The burning question: How can we balance emergency and development activities to reduce further harm and uphold humanitarian principles for all?

Project: Learning ProjectTalent Development 1st February 2018

The ongoing violence in Myanmar’s Rakhine State has produced huge numbers of Rohingya refugees in Cox’s Bazar since 25 August 2017. This has led to one of the fastest growing emergency crises of recent years.

Government and non-government actors are providing immense support to this large scale emergency crisis. Currently 90 non-government organizations are delivering 192 programmes and the total budget approved so far is approximately 465 million Taka (source UNO Ukhia). The crisis has received a lot of attention from humanitarian organisations and the Government of Bangladesh has also significantly contributed to relief operations by giving shelter to a huge number of Rohingya in Cox’s Bazar.

Some highlights after receiving feedback from relevant stakeholders in Cox’s Bazar:

-Excess of food and nonfood relief items have forced Rohingya to sell surplus items in local markets. This has created access to cash which some are using to illegally purchase mobile SIM cards, which might lead to crime and increase safety and security risks.

-Excess of food and nonfood relief items distributed to Rohingya have created disorder amongst the poor host community who are fighting for minimum food and other amenities.

-This disorder is increasing as the host community is no longer engaging in emergency response activities and daily labour, as preference has been given to the Rohingya community. On top of that there is a fear amongst the host community that in future the daily wage might be reduced due to oversupply of labour in Cox’s Bazar.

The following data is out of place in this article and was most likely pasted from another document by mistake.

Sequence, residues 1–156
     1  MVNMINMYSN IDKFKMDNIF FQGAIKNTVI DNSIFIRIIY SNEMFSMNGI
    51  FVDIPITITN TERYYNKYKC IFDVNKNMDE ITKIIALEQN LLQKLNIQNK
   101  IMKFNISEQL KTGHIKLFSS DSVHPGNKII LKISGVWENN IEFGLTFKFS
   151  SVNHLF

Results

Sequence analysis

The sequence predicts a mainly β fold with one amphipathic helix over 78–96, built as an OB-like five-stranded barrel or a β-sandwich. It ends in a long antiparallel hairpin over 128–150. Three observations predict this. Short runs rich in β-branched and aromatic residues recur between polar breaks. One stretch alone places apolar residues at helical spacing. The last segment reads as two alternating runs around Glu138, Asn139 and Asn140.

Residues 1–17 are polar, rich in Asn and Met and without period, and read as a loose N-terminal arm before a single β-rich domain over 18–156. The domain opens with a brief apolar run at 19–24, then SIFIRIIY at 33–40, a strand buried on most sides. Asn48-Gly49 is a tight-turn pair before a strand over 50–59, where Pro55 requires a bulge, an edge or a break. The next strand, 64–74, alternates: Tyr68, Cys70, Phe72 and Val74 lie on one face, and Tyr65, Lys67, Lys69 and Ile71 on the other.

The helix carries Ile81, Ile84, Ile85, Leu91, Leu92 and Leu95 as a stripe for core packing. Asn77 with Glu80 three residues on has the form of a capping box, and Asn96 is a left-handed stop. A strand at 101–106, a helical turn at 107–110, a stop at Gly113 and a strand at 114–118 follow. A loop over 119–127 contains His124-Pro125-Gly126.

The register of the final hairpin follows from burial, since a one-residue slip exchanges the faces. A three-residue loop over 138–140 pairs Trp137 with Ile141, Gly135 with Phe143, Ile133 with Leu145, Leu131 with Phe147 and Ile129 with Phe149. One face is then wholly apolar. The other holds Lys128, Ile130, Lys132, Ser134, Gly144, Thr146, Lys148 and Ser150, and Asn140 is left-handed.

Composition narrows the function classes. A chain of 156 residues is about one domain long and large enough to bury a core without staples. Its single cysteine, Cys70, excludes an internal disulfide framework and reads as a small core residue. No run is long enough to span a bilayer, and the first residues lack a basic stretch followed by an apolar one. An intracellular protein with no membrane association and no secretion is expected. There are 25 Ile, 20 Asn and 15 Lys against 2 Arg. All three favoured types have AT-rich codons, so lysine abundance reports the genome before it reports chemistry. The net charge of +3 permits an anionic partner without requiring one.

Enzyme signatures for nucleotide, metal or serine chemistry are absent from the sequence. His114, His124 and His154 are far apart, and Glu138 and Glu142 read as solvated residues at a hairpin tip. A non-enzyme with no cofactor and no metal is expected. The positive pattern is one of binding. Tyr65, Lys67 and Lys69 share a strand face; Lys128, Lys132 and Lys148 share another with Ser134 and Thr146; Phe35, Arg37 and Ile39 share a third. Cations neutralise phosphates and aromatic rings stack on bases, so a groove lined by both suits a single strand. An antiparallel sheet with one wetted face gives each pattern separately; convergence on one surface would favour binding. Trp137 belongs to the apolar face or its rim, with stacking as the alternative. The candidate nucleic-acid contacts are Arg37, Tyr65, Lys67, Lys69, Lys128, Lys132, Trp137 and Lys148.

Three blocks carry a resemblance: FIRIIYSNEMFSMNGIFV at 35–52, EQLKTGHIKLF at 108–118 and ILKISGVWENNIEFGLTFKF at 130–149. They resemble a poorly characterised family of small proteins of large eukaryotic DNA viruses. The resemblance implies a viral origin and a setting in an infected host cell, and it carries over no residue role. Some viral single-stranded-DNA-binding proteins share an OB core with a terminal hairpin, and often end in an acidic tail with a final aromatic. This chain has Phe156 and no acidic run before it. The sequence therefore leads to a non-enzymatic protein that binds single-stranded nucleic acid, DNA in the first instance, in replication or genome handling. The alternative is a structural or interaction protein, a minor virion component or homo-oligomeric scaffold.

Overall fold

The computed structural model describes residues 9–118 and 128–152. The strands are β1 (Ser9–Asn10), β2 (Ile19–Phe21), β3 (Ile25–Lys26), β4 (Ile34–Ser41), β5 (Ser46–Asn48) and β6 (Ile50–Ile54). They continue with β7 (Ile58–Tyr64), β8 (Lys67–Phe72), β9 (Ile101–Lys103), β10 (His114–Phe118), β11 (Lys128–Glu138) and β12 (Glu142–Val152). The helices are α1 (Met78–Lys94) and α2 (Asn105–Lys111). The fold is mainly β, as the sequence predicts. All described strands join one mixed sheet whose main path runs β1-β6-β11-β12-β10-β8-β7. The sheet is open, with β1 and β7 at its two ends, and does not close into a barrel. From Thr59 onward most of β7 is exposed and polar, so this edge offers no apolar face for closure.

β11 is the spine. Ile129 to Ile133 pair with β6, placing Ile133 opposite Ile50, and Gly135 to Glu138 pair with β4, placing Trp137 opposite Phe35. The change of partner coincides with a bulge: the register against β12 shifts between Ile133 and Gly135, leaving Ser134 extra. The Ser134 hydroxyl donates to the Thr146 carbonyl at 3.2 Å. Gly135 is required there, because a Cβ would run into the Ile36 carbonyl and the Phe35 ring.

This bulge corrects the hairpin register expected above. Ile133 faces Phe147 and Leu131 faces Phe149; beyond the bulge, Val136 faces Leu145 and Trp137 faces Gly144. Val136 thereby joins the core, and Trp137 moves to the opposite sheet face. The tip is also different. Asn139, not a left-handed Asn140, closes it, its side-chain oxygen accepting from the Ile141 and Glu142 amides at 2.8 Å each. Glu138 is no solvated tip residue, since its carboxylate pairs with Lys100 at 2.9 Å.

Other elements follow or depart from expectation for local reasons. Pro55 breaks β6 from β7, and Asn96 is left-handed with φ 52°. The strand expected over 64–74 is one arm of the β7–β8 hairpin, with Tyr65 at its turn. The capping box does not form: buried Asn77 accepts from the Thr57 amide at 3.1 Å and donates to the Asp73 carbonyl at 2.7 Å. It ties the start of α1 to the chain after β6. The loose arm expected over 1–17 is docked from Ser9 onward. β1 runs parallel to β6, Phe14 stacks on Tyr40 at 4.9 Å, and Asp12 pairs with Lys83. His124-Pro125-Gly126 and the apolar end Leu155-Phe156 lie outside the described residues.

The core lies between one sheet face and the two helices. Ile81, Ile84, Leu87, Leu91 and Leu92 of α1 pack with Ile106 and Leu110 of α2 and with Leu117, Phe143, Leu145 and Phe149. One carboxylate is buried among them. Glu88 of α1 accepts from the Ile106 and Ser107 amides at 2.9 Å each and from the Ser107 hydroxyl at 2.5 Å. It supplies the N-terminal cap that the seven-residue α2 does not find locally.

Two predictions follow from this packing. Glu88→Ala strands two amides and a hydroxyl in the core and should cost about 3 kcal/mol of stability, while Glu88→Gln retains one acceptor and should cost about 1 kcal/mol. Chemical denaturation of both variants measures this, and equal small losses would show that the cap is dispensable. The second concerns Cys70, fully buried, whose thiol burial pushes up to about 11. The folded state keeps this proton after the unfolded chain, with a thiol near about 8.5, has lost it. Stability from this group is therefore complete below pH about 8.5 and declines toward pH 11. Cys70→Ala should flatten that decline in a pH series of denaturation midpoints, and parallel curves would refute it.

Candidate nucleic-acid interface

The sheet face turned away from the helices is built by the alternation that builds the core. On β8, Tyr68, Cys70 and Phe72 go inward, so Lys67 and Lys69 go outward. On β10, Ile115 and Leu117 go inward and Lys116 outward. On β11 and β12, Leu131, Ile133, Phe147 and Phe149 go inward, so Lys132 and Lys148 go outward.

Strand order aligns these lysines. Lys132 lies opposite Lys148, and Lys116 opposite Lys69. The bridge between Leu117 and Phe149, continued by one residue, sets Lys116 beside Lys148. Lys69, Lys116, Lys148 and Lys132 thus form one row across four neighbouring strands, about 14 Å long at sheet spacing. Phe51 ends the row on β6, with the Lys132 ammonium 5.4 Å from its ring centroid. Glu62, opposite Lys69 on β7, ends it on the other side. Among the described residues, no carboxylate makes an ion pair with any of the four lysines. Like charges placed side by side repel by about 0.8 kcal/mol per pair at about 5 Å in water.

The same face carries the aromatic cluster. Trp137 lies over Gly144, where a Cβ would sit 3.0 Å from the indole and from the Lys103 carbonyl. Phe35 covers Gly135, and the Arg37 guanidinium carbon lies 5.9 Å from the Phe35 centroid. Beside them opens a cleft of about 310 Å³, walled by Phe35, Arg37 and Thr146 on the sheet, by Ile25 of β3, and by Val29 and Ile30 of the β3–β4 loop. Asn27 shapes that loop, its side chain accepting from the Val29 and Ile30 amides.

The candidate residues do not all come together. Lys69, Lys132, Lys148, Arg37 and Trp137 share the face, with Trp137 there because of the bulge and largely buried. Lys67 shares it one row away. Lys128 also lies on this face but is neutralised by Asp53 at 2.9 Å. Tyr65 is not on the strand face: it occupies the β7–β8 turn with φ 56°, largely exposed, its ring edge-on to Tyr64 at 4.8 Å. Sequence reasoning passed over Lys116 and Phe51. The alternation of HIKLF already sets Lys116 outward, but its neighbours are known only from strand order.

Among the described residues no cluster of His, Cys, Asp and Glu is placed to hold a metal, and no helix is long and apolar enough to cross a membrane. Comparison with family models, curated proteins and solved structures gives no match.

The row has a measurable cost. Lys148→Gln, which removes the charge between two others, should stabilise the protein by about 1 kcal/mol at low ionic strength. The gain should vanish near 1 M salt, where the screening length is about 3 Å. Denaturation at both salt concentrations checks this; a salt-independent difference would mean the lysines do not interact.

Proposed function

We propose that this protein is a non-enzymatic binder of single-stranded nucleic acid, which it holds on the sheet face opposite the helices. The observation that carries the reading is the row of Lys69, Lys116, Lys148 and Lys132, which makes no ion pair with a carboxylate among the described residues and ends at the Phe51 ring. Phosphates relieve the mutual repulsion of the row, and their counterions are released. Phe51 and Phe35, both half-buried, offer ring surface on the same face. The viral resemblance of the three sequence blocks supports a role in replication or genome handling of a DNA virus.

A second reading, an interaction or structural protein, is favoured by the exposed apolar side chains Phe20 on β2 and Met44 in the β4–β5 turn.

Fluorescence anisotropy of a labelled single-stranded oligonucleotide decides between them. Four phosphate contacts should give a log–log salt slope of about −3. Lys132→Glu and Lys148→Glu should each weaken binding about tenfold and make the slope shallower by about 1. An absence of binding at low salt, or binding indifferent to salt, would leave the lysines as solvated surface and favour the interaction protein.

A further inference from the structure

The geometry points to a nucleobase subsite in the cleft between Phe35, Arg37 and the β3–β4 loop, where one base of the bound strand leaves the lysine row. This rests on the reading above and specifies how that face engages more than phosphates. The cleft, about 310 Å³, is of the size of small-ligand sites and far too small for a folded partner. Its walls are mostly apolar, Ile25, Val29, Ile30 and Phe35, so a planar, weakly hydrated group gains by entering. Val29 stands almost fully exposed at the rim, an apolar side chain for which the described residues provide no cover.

-Unplanned WASH interventions may increase the threat of local communities losing access to water. For example, the government has approved approximately 500 tube wells for the entire Ukhia district, whereas 15,000 tube wells have already been installed for the Rohingya in the Ukhiya camps. This has created huge pressure on ground water level and as a result there is a risk of contamination with saline water.

-Faulty installation of latrines has created a risk of contaminated ground water with human waste which can pose a health threat to people living in the vicinity

-Cutting down trees in the hilly areas increases the likelihood of landslides in the rainy reason

A combination of the above factors may negatively impact relations between the Rohingya and host community. A loss in support and affection from the host community might create extra pressure for government from a security point of view.

Now the burning question is: How can we balance supporting the Rohingya emergency response with existing development initiatives for the host community? Here are some potential strategies for organisations implementing programmes in the area to consider:

-Include capacity building as part of development activities for the host community

-Ask donors to continue funding development programmes in Cox’s Bazar

-Develop strategies that balance activities for Rohingya and the host community

-Build capacity of NGO front line and managerial staff in humanitarian programming

-Learning platform/network facilitating evidence based advocacy for effective policies in emergencies, e.g. social integration, balanced labour, cash distribution and monitoring policy etc.

-Enhance UN and NGO collaboration with the government, so that the government can provide effective support

The Rohingya influx and repatriation process requires support from actors at the regional and global levels. Humanitarian actors should also consider how this issue can feed into debates and research around localisation and result in appropriate collective actions.


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